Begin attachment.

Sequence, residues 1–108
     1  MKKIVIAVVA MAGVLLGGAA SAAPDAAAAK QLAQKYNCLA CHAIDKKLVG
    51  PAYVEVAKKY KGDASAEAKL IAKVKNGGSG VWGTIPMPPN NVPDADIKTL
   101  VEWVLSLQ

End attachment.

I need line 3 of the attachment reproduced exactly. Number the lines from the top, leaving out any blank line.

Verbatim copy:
    51  PAYVEVAKKY KGDASAEAKL IAKVKNGGSG VWGTIPMPPN NVPDADIKTL